Narendra Modi to News18: Removing AFSPA in Kashmir is like sending our soldiers to the gallows, I'll never allow it
In an exclusive interview to Network18, Prime Minister Narendra Modi summarily dismissed any talk of repealing the controversial Armed Forces Special Powers Act (AFSPA) in Kashmir, likening its removal to sending soldiers to the gallows.
Repealing of AFSPA in Kashmir, a long-standing demand of human rights groups, was brought back into national discourse after the Congress' manifesto release
Suggesting that charges of excesses and human rights violations by the Army in Kashmir are exaggerated, Modi said Indian Army was an army of peace
Modi it was best that conditions did not exist for imposition of AFSPA in the first place
Prime Minister Narendra Modi on Monday summarily dismissed any talk of repealing the controversial Armed Forces Special Powers Act (AFSPA) in Kashmir, likening the removal of AFSPA from the Valley to "sending our soldiers to the gallows."
The prime minister said this in an exclusive interview to Rahul Joshi, group editor-in-chief of Network18, hours after releasing the Bharatiya Janata Party's election manifesto which put nationalism and national security at the front and centre of its next term, if re-elected. The interview will be aired at 7 pm tonight on CNNNews18 and all the other 19 news channels of the network. Firstpost will also stream the interview live.
Repealing of AFSPA in Kashmir, a long-standing demand of human rights groups, was brought back into national discourse on 3 April when the Congress party promised to kill the Act if it is voted to power. Apart from giving powers to the Army to enforce law and order in disturbed areas, AFSPA protects the Army from litigation in human rights violation cases. The Congress wants to remove this legal cover with respect to "enforced disappearance, sexual violence or torture".
But Modi, in the middle of a high-voltage election campaign on the theme of nationalism and patriotism — in full bloom after the Balakot air strike deep inside Pakistan — will have none of it. “We are on the verge of eliminating terrorism. Terrorists are demoralised, we are winning a psychological war against them. Instead (of backing such efforts), the Congress manifesto is soft on terror. Their views on the Army are similar to those of Pakistan. No patriot will tolerate this language. Their manifesto talks about removing AFSPA. This amounts to removing weapons from a soldier's hands. Is this right?” he asked.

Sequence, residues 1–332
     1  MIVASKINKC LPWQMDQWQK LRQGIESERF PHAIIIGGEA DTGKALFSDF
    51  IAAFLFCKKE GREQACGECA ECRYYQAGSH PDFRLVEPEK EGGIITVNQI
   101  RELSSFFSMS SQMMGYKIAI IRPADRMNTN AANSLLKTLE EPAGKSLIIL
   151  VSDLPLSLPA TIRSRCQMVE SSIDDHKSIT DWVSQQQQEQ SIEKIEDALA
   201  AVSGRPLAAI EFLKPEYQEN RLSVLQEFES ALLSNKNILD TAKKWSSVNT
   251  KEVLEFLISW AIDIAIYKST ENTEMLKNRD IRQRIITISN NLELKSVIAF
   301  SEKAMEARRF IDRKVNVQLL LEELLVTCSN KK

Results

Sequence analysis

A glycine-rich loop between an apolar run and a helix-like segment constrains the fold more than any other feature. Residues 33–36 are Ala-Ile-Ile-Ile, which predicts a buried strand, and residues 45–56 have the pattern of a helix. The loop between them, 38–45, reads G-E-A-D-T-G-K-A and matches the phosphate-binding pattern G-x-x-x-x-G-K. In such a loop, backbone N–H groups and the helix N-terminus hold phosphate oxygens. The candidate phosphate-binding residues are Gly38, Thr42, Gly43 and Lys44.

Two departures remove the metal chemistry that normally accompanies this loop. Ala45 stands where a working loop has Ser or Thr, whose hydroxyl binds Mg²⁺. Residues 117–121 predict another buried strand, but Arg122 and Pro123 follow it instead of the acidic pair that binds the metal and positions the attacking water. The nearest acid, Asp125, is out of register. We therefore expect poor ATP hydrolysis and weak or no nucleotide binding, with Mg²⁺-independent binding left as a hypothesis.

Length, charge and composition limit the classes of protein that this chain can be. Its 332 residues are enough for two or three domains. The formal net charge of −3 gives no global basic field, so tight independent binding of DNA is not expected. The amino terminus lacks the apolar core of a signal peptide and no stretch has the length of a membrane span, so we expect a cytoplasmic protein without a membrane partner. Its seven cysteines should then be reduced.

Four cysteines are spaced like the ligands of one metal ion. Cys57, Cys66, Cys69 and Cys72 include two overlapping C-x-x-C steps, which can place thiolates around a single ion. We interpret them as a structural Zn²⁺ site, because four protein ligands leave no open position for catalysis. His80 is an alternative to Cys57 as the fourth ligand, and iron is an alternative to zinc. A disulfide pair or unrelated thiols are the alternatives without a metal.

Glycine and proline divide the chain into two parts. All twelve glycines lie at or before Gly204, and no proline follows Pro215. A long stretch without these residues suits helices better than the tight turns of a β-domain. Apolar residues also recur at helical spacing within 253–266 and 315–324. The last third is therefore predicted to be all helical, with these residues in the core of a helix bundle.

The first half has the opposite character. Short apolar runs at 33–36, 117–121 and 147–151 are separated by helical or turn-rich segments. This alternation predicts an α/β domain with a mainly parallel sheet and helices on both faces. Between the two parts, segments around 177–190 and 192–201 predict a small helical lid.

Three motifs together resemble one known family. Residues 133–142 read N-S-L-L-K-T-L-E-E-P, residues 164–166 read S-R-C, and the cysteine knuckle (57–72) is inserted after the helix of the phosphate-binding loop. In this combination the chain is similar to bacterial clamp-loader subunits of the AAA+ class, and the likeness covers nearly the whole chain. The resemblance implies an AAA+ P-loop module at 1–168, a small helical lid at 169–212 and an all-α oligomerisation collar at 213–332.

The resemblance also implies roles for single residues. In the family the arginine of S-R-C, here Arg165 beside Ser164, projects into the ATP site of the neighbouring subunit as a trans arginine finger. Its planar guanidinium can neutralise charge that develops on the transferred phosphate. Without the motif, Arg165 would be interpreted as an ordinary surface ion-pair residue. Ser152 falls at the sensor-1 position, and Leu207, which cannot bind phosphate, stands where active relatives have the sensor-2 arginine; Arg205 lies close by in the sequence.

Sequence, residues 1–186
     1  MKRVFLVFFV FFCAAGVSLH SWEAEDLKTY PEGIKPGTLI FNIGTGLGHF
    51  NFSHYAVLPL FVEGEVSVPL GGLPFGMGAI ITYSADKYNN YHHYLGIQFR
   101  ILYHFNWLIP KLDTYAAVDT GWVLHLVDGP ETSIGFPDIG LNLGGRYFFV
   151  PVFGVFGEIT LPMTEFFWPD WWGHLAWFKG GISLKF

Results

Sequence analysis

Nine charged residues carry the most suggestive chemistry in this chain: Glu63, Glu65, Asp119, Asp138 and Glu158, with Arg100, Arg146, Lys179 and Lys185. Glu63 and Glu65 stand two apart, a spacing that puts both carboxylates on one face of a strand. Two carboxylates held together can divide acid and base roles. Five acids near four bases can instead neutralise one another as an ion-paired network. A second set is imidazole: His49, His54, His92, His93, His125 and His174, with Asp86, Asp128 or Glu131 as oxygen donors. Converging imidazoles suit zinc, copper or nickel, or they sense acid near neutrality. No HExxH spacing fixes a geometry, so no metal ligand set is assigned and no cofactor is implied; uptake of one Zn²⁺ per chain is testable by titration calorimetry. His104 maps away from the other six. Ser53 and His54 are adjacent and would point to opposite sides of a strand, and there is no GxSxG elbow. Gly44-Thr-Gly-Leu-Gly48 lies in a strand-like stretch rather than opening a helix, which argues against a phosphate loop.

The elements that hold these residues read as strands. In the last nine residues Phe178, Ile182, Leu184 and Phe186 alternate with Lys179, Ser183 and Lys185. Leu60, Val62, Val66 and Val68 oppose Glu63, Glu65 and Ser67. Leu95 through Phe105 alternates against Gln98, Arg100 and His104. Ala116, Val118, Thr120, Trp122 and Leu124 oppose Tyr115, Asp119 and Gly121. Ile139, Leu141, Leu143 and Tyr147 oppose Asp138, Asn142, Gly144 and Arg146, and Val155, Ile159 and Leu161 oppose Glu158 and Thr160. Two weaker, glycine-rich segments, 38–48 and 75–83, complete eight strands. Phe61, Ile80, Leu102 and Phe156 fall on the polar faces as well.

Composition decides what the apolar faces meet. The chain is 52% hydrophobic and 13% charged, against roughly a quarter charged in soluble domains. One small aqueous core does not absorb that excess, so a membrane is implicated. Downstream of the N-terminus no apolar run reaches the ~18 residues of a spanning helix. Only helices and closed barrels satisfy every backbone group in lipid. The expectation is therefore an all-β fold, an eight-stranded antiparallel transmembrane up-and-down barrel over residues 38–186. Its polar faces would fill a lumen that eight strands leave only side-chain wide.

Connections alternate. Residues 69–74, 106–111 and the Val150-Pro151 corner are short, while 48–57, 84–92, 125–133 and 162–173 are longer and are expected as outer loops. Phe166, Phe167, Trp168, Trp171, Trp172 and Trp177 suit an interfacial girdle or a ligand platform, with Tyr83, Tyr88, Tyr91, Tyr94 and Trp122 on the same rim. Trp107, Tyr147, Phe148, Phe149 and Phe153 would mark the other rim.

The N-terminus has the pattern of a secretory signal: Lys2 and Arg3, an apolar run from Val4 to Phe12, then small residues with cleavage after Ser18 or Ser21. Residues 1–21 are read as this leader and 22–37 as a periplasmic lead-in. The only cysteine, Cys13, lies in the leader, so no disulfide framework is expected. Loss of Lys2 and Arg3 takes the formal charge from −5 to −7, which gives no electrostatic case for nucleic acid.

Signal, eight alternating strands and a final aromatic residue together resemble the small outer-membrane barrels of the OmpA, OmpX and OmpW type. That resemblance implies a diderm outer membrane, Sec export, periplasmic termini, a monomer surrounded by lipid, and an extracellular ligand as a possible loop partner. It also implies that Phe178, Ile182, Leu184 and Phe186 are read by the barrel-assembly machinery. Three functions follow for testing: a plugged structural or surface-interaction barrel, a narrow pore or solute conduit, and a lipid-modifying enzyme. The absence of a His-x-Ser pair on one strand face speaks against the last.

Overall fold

Suggesting that charges of excesses and human rights violations by the Army in Kashmir are exaggerated, Modi said Indian Army was an army of peace. “Indian soldiers have been part of the United Nations’ peacekeeping force right from its inception. And we send the maximum number of soldiers on UN peacekeeping missions. The discipline of Indian soldiers and their devotion to duty have always been praised. It isn't seemly for a party that has been in government for 50-60 years to speak this kind of language.”
Asked if his government would then work towards a time-bound withdrawal of AFSPA in Kashmir, Modi it was best that conditions did not exist for imposition of AFSPA in the first place. “First, we must create an environment where AFSPA is unnecessary, like we did in Arunachal Pradesh. We removed it from a few districts. We then removed it from some states. We were the first to take such a step since 1980. But we have maintained law and order. The government must have the power to protect its armed forces. Only then will they have the morale to fight. Removing AFSPA from Jammu and Kashmir is the same as sending our soldiers to the gallows. I will never let this happen to our soldiers," he said.
With regard to Articles 35A and 370 also, the prime minister was equally vehement, but this time, for their abrogation. Within minutes of the release of the BJP manifesto, Farooq Abdullah and Mehbooba Mufti issued dire warning of bloodshed in the Valley. Asked to comment on their reaction, Modi said: “The problem in Kashmir is largely due to the 50-odd political families there. They have been milking the issue. They don't want any benefit to be given to the ordinary Kashmiri. They use public sentiment for political gains. These days the income tax department has cracked down on such elements. While stone-pelters are funded by Pakistan to protect militants, but when there is crackdown by the NIA on terror operators, people stand outside their homes and clap. The people of Kashmir want freedom from such political families who have been preying on their emotions for 50 years. The situation in Kashmir is such that people want change, whether it is about Article 35A or Article 370.”
The Prime Minister addressed several other issues such as the impact of the mahagathbandhan in Uttar Pradesh, Rahul Gandhi’s Rafale campaign, relations between India and China, economic growth, demonetisation and why he thinks if Sardar Patel had been prime minister instead of Jawaharlal Nehru, India would have achieved lot more success a lot faster.
Catch the full interview at 7 pm on all News18 channels. It will also stream live right here on Firstpost at the same time.
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